An important issue that this paper speaks to indirectly is the apparent necessity to have biological data to support psychological findings. This is undoubtedly an important pursuit as it may lead to new therapeutic targets, but it also seems to be missing the point. Does a psychological or mind-based intervention absolutely need to affect biological measures (in the body) in order to be valid? In this case, the reported effect is most likely indirect where meditation helps to relieve perceptions of stress which may allow hormone levels to normalize and the immune system to get back to business as usual. Since the authors do not report effects on any of the biological “levels” between the mind and gene transcripts in immune tissue, their genetics results serve mainly to support the aforementioned psychological data but do not really extend the findings. However, in the public one can easily find alternative medicine skeptics as well as enthusiasts who are already mesmerized by the exoticism of meditative traditions and alternative medicine. Having a biological marker as compelling as genetic data might convince skeptics that meditation has true validity and is worthy of future funding and integration into clinical care.
Another question along these lines is whether biological measures – which can be altered by meditation – can shift a sense of disease responsibility? It is well known that not every individual who is exposed to trauma or put under stress will develop a stress-related pathology. Some people seem to be resilient. If the remedy for those who are not resilient is a drug that alters neurochemistry, then one would think that the susceptibility must have been due to a pre-existing chemical imbalance – a biological deficit so to speak. But if the prescribed therapy is to train yourself in mindfulness, then does that mean the disease is the result of a character or personality flaw? That is, if a patient can just use his/her mind to reduce stress through meditation should the patient just summon the moral fortitude to not be so affected by stress to begin with? One wonders if prescribing something like a pill versus meditation, indicates that the patient needs “real” medicine for their illness because it is something out of the patient’s control. These and other issues are likely to be continually discussed as alternative approaches including meditation are increasingly studied and expanded into clinical settings.
1. Black, D. S. et al. Yogic meditation reverses NF-kappa B and IRF-related transcriptome dynamics in leukocytes of family dementia caregivers in a randomized controlled trial. Psychoneuroendocrinology 38, 348-355, doi:DOI 10.1016/j.psyneuen.2012.06.011 (2013).
2. Pinquart, M. & Sorensen, S. Differences between caregivers and noncaregivers in psychological health and physical health: A meta-analysis. Psychol Aging 18, 250-267, doi:Doi 10.1037/0882-7918.104.22.168 (2003).
3. Dhabhar, F. S. & McEwen, B. S. Acute stress enhances while chronic stress suppresses cell-mediated immunity in vivo: A potential role for leukocyte trafficking. Brain Behav Immun 11, 286-306, doi:DOI 10.1006/brbi.1997.0508 (1997).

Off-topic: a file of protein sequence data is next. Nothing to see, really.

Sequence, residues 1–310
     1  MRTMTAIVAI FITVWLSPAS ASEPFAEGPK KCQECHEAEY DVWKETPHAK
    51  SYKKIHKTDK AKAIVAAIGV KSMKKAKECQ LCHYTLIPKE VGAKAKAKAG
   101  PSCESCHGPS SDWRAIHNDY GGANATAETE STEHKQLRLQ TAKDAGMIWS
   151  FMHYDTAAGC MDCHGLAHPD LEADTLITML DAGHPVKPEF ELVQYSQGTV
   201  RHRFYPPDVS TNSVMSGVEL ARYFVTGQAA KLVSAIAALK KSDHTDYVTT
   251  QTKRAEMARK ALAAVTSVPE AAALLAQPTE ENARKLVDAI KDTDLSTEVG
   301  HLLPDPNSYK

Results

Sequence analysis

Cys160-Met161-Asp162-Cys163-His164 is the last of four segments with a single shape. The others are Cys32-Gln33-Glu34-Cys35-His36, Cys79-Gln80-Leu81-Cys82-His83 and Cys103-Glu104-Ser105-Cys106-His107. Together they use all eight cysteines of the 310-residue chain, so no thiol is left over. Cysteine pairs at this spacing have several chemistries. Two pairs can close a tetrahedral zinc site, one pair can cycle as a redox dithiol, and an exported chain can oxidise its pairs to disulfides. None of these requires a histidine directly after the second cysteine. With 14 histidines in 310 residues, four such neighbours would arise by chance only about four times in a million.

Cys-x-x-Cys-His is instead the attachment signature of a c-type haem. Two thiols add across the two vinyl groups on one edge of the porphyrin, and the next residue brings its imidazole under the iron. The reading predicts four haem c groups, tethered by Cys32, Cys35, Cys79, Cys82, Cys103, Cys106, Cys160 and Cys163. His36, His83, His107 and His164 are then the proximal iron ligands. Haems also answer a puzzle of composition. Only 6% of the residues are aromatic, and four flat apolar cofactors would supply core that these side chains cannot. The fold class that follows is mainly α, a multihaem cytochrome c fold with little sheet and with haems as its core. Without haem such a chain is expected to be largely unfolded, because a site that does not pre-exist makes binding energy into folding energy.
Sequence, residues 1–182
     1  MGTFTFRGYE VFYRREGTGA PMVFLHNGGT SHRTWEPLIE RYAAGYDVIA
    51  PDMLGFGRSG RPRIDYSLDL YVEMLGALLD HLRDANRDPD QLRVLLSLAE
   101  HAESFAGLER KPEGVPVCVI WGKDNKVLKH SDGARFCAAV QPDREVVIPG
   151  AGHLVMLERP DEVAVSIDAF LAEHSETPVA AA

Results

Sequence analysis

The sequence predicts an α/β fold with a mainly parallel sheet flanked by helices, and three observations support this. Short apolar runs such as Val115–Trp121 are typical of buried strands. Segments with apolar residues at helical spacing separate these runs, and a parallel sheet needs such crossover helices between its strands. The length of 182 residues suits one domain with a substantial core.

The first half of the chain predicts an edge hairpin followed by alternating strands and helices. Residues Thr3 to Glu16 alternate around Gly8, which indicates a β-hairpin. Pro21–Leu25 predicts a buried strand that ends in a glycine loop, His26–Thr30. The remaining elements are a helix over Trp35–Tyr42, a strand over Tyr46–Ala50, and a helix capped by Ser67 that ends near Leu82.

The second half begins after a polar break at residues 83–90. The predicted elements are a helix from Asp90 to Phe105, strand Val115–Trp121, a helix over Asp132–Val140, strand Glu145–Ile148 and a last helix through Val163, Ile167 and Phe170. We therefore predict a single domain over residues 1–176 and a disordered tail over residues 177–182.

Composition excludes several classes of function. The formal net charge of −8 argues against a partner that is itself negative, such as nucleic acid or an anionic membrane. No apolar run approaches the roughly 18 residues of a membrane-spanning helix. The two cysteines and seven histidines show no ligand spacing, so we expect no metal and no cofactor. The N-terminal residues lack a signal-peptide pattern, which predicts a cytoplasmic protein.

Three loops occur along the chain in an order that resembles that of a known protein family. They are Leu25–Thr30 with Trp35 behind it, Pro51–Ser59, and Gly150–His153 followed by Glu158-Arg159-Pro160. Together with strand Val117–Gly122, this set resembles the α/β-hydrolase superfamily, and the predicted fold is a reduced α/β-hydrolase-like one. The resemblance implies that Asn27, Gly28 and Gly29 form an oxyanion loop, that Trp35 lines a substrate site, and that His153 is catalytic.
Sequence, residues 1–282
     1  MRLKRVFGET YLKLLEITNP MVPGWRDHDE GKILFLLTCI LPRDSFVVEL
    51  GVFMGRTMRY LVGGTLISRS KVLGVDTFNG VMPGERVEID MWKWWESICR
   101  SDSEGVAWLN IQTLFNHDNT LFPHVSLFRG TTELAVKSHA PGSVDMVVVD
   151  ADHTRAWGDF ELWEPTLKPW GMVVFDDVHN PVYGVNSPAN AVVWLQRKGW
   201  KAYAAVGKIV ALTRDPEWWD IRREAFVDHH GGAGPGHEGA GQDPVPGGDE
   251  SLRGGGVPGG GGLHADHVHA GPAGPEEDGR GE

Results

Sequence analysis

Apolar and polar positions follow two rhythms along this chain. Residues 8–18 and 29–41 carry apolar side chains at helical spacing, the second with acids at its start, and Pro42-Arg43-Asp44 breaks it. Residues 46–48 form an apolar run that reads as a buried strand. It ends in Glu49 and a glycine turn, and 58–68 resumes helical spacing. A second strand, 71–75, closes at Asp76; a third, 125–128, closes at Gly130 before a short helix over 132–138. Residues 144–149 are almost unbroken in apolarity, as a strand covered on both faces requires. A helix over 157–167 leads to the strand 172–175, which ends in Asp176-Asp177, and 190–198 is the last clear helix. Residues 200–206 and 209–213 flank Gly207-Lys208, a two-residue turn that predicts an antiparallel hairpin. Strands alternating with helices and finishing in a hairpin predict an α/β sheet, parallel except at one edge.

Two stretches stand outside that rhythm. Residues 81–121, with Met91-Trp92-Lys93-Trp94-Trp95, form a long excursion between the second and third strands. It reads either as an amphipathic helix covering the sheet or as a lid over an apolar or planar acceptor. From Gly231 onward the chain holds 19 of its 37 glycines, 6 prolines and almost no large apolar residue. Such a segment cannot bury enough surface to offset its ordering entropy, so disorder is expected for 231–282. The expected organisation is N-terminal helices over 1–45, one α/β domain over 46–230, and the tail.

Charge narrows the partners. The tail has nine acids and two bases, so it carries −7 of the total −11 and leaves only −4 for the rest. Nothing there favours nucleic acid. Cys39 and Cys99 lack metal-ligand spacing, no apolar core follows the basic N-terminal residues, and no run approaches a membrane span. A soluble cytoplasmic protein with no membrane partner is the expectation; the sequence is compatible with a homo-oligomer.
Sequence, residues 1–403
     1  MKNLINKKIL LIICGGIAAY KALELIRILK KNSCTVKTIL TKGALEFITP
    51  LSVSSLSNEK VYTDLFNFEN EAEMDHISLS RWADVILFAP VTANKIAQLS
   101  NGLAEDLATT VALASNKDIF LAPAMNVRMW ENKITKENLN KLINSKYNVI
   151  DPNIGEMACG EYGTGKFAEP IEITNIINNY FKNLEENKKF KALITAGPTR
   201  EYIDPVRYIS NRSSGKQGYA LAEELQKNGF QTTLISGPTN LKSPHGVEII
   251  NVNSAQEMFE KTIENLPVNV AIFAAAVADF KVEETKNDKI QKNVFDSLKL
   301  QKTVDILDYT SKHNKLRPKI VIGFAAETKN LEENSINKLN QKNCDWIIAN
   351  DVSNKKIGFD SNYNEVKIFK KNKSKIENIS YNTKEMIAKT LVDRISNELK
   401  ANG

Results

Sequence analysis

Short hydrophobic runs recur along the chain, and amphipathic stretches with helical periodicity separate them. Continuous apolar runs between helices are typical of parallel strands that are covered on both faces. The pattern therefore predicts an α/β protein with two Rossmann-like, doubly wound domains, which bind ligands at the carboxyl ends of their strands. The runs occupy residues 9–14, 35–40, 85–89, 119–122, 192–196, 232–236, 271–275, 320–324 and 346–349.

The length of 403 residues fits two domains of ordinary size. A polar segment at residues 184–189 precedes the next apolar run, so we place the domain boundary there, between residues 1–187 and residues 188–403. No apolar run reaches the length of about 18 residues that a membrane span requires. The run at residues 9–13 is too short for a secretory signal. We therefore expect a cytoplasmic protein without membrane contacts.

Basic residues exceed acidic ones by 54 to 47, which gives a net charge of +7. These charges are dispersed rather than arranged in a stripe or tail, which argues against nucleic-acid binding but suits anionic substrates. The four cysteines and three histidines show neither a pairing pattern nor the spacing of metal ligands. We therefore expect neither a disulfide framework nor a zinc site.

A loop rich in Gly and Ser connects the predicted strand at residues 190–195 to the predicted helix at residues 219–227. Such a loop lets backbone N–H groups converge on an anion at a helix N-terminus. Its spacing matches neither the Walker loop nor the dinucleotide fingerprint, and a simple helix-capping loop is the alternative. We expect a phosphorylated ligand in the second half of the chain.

4. Lovell, B. & Wetherell, M. A. The cost of caregiving: Endocrine and immune implications in elderly and non elderly caregivers. Neurosci Biobehav Rev 35, 1342-1352, doi:DOI 10.1016/j.neubiorev.2011.02.007 (2011).
5. Dantzer, R., O'Connor, J. C., Freund, G. G., Johnson, R. W. & Kelley, K. W. From inflammation to sickness and depression: when the immune system subjugates the brain. Nature reviews. Neuroscience 9, 46-56, doi:10.1038/nrn2297 (2008).
6. Lavretsky, H. et al. A pilot study of yogic meditation for family dementia caregivers with depressive symptoms: effects on mental health, cognition, and telomerase activity. International journal of geriatric psychiatry 28, 57-65, doi:10.1002/gps.3790 (2013).
7. Goyal, M. et al. Meditation programs for psychological stress and well-being: a systematic review and meta-analysis. JAMA internal medicine 174, 357-368, doi:10.1001/jamainternmed.2013.13018 (2014).
8. Grossman, P., Niemann, L., Schmidt, S. & Walach, H. Mindfulness-based stress reduction and health benefits. A meta-analysis. Journal of psychosomatic research 57, 35-43, doi:10.1016/S0022-3999(03)00573-7 (2004).
9. Bartlett, T. "Wait, So Does Meditation Actually Work or Not?" in Percolator (Chronicle.com, 2014).
10. NF-κB and IRF-1 are transcription factors which, when activated by an extracellular signal, can induce the expression of a variety proteins in order to mount a cellular response. NF-κB is typically associated with an increase in pro-inflammatory cytokines whereas IRF-1 induces interferon beta, an antiviral cytokine.
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Purcell, R. (2014). Stress Rx: Chant two Ommsss, with food, twice daily. The Neuroethics Blog. Retrieved on , from http://www.theneuroethicsblog.com/2014/04/stress-rx-chant-two-ommsss-with-food.html